Monday, October 3, 2016

Keeping Our Children Safe 

A Subaru ad opens with a parent saying ‘you can’t take that,’ while pulling a ninja martial arts weapon from his son’s camp bag.  In scenes that follow a dad yells “hey, you can’t….” to a young daughter poised to ski down the stairs; a mom scans a son’s laptop with a “you can’t ….” expression of concern for on-line hazards.  Cut to scene of teenage boy picking up the car keys and calling out to mom, “I’m taking the car.”  But instead of “car” he names the Subaru:  yes!  It’s safe.  Mom approves.

Subaru's marketing department brilliantly captures every parent’s nightmare:  that midnight call that their child has been in a wreck.    Only a parent’s caution – no skiing down the stairs! no bad stuff on internet! – can keep our kids safe.  Good parents, caring parents,-- parents who want their kids to be safe-- will buy this model of car.

Imagine an different ending for that ad:  a parent declining to buy a gun no matter how many ads claims that “guns don’t kill,” a parent choosing to shop where a “No Guns” sign is prominently displayed in the window, a parent speaking up against teachers being armed at school, a parent hosting the outings and sleep-overs if they know there will be guns at the other children’s homes, a parent calling out a parent who has a gun in her purse or his car.

Image credit:

Those parents need the rest of us – their village – to back them up, to speak up for a gun-free culture for their children, and to do so with a collective voice and strong collective action.

Where do we start?  No strong federal legislation came out of the shootings at Sandy Hook or the many gun killings since then. But it is not true that “nothing changed.” 

First, parents are taking individual action in their shopping, their voting, their talks with their kids.
And all over the country  -- our country!—people are organizing for smart gun control legislation, for accurate and systematic and sustained collection and publication of data on gun-related violence.  Parents and others are pushing for solid research on the effects of gun violence on communities, on children’s physical and mental health, on families, on mass incarceration, on money in politics, on local economies.

From the parents of children murdered by the gunman at Sandy Hook Elementary, to the billionaire mayor of New York, to a congresswoman herself severely injured by an assassin who managed to kill her staffers, bystanders and a judge, Americans are organizing to counter with reasoned argument and passionate claims on our morality the systemic violence of the National Rifle Association, its “owned” members of Congress, and the lucrative network of gun dealers and trainers.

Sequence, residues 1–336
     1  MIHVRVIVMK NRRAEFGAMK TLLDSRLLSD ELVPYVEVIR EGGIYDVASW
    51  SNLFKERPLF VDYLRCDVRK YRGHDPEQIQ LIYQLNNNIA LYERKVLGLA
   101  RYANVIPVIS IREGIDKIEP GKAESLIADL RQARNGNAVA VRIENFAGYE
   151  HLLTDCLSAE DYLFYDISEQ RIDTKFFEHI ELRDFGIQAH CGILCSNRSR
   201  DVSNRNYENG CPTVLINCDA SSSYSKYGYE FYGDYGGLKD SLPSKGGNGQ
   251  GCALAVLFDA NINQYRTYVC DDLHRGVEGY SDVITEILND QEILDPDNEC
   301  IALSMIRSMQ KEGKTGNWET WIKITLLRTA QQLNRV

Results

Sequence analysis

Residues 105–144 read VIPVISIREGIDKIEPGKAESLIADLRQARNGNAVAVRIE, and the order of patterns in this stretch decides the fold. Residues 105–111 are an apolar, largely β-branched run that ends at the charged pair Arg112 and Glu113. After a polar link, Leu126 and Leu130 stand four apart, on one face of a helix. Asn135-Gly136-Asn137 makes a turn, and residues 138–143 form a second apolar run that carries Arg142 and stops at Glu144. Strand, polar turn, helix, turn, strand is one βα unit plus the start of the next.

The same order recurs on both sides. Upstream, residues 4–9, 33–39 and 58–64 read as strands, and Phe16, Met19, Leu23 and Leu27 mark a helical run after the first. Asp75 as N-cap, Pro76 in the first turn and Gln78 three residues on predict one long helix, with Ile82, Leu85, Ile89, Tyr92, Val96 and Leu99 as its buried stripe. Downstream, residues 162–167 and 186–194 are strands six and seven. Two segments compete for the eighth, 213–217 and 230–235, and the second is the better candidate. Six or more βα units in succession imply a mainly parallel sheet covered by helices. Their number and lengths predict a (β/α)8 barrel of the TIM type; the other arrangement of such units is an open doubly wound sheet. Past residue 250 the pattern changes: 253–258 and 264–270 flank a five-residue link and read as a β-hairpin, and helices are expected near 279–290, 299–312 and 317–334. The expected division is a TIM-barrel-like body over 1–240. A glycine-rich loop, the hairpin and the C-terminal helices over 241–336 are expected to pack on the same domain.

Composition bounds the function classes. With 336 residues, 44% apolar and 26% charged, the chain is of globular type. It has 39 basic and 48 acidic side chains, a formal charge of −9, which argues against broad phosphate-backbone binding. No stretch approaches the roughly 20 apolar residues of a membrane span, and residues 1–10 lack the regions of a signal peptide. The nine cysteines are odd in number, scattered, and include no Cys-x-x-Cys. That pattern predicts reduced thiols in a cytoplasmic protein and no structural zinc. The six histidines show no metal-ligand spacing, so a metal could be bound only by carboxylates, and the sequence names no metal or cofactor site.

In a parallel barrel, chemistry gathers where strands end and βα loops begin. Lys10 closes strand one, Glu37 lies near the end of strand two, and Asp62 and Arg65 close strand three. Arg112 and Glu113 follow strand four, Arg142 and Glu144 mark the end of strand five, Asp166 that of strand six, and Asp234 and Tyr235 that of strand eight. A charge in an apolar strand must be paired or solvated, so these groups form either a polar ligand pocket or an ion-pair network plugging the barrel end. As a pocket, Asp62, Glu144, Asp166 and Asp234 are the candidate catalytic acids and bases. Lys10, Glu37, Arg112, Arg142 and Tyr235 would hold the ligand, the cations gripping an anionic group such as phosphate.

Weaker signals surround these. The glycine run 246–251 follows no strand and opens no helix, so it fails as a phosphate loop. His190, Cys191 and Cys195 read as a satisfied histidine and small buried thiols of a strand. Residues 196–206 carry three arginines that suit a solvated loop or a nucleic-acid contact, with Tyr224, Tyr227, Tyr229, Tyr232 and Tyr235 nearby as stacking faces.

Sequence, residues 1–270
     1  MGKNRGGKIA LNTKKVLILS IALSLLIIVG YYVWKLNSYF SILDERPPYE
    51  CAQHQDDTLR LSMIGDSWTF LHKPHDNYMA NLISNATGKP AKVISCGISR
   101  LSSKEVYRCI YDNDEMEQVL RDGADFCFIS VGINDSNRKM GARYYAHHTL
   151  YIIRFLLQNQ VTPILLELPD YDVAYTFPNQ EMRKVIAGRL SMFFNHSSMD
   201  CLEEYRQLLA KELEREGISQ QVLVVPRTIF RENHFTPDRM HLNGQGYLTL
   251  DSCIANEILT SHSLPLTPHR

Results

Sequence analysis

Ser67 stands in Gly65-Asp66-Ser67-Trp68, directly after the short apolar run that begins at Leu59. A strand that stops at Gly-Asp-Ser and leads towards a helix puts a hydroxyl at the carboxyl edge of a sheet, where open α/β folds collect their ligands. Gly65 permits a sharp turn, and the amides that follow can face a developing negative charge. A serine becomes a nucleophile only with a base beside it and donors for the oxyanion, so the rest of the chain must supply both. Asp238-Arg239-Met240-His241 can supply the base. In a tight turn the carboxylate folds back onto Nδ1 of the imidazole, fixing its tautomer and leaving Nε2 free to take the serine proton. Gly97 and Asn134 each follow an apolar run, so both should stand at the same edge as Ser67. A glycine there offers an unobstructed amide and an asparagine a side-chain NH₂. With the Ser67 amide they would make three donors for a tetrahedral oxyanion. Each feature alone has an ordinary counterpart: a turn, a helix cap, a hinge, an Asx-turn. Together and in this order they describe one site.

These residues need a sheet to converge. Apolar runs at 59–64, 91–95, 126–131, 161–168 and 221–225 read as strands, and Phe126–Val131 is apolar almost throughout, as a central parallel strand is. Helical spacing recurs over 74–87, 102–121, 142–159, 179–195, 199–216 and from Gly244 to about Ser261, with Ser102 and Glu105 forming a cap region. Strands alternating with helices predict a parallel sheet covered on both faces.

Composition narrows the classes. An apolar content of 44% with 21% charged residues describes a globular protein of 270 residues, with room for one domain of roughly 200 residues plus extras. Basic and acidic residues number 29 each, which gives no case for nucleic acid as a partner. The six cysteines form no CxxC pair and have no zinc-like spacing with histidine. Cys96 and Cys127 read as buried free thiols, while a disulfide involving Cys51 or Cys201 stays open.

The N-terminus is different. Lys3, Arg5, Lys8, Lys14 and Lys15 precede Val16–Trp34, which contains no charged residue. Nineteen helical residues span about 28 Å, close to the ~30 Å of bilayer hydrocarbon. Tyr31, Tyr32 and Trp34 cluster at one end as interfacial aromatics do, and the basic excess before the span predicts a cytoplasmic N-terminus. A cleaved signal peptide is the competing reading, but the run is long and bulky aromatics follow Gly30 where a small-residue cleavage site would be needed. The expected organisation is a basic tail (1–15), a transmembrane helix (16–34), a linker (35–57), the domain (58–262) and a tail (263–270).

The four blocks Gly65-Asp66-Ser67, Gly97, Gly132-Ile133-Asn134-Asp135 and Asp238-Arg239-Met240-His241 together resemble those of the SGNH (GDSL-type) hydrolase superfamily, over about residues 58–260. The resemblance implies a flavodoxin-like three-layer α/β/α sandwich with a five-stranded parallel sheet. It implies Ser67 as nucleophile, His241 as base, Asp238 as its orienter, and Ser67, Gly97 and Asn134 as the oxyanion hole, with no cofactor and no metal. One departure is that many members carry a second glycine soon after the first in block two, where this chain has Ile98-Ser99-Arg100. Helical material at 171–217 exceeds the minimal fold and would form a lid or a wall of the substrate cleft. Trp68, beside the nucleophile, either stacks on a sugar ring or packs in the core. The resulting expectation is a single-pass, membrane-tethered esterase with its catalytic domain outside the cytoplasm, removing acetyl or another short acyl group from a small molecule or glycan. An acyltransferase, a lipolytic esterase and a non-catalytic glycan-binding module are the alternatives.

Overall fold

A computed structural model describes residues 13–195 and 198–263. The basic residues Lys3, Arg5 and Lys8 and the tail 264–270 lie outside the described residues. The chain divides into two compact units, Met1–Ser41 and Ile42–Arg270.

According to Patrick Blanchfield in The Nation magazine, “as of July 2016,  some 14.5 million Americans have been licensed to carry a concealed weapon, but 11 states don’t require a license; some states require training for a license, some don’t. And according to Blanchfield, sometimes “training” means listening to a lecture at the level of “don’t point your gun at things you don’t mean to shoot,” and “treat all guns like they’re loaded.”  According to the author, the NRA not only has a network of fire-arms trainers in various states but also participates in drafting any gun-related laws through its Institute for Legislative Action.  Training by NRA instructors represents a huge income stream for the NRA.  Blanchfield puts the number of NRA instructors nationwide at 55,000, with at least a million “students” taking the training:  Solid income stream + new cohort of anti-gun-control Americans.  Blanchfield was writing from his investigation into the Front Sight Firearms Training Institute and Resort, 550 acres of Nevada dedicated to shooting – at a level described as beyond military or law enforcement training.

The article is chilling for the claims made by the Front Line owner that “only a gun” can stop [fill in the blank naming a crime or threat].  It is also chilling as a window into the vast network of money, political connections, corporate incarnations of “training,” and of course gun dealers that work together very closely to assure that there will be more guns in more hands in more places with less regulation and more normalization of a gun culture.   To justify their rigid defense of access  even to militarized weapons in civilian hands, they carefully coordinate messages of danger-without-a-gun in ads and magazines and online streaming: messages of fear.

We can’t let manufactured fears dominate our actions to limit guns in the lives of our children. They deserve better.  My next post will list some of the ways parents and others are getting together to challenge the intransigence and  the seeming immovable force that is the gun industry in our country.     Kindred spirits finding each other and working together to create those “special provisions” our children deserve.

To share your thoughts, click on the word “comments” below.

No comments: